The red wolves who are cared for by the Wild Carnivore Team at the NCSU CVM Wild Carnivore Facility were happy to be be done with their routine spring physical exams this past Good Friday (April 3, 2015).
DVM program students who are members of the Wild Carnivore Team manage and care for the seven red wolves who call the Wild Carnivore Facility home year round. They work together to make sure the facilities and animals are in tip top condition.
Each semester some of the wolves receive their annual physical examinations, and these too are conducted by the students under the watchful eye of Dr. Suzanne Kennedy-Stoskopf, the faculty mentor for the team. This spring Dr. Jeff Applegate, another faculty member in our EMC group, was on hand as well to aid in the capture, anesthesia and complete physical examination of four female wolves.
The Wild Carnivore Facility, part of the ZTAU or Zoological Animal Teaching Unit is unique across veterinary schools worldwide. It gives veterinary students the opportunity to work with wild carnivores in all aspects of their captive management as they develop their veterinary skills. The ZTAU is in turn is based upon and is part of the original NCSU Teaching Animal Unit. This unique program was developed by the late Dr. Ben Harrington who recognized the need for DVM students to be able to gain basic animal experience with farm animals as more and more veterinary students come from urban backgrounds. The TAU has been copied by several other schools across the USA, but none is as extensive or effective in providing hands on experience with large animals to veterinary students. The ZTAU continues in the same tradition.
Drs. Kennedy-Stoskopf and Applegate confer in the background as students examine one of the 3 female pups from last year’s litter.
Time for the weigh in.
EMC faculty, students and alumni have played an important role in the International Association for Aquatic Animal Medicine from the beginning of the consortium. The IAAAM has been and continues to be a pioneering international organization supporting the development of the aquatic health field. This year’s IAAAM Annual Meeting (April 5-9, 2015) in Chicago, Illinois was yet another opportunity for aquatic health specialists from around the world to come together and discuss advances in the science of keeping our aquatic treasures healthy in captivity and the wild across the globe.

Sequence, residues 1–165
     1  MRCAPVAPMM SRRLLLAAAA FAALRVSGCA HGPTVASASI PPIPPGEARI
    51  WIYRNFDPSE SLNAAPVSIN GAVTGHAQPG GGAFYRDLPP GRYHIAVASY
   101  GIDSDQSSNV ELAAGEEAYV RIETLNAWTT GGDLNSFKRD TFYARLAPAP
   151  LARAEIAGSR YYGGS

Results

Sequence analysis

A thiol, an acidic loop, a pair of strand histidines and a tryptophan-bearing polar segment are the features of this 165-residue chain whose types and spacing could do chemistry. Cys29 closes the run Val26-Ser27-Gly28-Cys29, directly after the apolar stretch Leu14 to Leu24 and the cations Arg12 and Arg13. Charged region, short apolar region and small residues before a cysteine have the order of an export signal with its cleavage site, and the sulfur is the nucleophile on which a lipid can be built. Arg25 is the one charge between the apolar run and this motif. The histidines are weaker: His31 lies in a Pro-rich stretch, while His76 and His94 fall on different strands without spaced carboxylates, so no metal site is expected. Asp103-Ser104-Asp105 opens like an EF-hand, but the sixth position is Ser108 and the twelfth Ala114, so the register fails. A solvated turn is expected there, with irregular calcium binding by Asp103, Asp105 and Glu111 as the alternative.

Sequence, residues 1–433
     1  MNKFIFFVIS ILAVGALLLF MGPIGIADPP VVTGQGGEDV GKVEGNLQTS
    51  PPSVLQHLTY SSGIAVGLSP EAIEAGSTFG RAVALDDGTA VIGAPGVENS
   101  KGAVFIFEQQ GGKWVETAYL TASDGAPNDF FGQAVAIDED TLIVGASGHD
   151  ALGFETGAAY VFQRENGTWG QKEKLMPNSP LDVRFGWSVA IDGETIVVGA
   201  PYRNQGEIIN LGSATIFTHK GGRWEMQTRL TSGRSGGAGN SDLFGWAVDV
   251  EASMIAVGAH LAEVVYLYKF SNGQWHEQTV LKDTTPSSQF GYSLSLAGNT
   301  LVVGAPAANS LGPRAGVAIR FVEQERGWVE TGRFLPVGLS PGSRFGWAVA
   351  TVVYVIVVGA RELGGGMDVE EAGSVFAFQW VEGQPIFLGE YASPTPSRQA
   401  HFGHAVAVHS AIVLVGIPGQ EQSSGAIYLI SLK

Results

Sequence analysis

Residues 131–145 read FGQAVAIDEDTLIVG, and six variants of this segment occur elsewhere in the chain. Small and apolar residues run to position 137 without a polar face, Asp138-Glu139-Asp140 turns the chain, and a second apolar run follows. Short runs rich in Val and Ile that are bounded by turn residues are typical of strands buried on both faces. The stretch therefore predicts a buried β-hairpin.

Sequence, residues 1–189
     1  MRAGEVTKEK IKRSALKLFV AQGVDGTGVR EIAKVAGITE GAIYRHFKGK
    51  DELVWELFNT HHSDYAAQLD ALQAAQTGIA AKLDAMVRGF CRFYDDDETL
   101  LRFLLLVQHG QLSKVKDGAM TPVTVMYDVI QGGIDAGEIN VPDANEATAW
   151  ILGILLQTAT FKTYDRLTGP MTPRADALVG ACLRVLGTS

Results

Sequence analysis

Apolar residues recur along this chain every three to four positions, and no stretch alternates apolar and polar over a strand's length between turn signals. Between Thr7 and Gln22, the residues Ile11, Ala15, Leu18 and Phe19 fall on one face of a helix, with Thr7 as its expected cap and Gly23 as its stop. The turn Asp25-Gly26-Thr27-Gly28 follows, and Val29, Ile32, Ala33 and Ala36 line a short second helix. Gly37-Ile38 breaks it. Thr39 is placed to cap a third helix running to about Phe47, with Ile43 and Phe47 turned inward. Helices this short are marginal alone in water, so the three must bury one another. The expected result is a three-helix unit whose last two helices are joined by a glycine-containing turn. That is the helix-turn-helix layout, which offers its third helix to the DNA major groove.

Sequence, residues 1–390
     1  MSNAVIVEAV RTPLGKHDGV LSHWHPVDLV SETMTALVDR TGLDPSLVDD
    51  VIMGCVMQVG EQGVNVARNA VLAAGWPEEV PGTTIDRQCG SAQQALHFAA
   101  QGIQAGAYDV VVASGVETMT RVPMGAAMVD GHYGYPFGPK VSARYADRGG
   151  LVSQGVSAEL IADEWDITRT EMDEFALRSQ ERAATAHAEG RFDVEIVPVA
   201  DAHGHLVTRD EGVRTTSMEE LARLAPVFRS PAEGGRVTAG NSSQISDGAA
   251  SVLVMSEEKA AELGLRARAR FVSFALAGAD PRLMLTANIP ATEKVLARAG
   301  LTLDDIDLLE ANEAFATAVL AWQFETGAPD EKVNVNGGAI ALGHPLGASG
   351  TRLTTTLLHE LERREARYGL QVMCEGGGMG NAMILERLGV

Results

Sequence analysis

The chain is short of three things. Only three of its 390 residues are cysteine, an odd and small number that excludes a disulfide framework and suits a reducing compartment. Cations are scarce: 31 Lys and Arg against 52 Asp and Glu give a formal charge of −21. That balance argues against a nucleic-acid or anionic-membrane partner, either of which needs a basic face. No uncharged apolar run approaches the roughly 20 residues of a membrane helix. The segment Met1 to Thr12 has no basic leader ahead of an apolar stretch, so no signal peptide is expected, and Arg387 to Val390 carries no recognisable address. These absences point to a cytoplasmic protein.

NCSU ties at the 46th IAAAM Meeting, Chicago, Ill. Front (L-R) Drs. Greg Lewbart, Lori Westmoreland, Christie Hicks, Amanda Ardente, Eric Anderson, Tres Clarke, Maria Serrano. Standing (L-R) Stephen Smith, Gregg Scott, Julie Cavin, Craig Harms, Jeff Applegate, JB Minter, Allison Tuttle, Andy Stamper.
EMC presence was once again very strong and important. In the photo above are several past presidents of the organization as well as certainly many future presidents. The annual meeting this year was earlier than usual, putting it at a very challenging time in the teaching semester for NCSU, which meant that some EMC aquatics people had to stay home and take care of routine business. This included two former IAAAM presidents, Dr. Michael Stoskopf and Dr. Suzanne Kennedy-Stoskopf as well as our most senior aquatic resident Dr. Brianne Phillips, who have all been participating vicariously through the reports back by Dr. Lewbart and others at the meeting.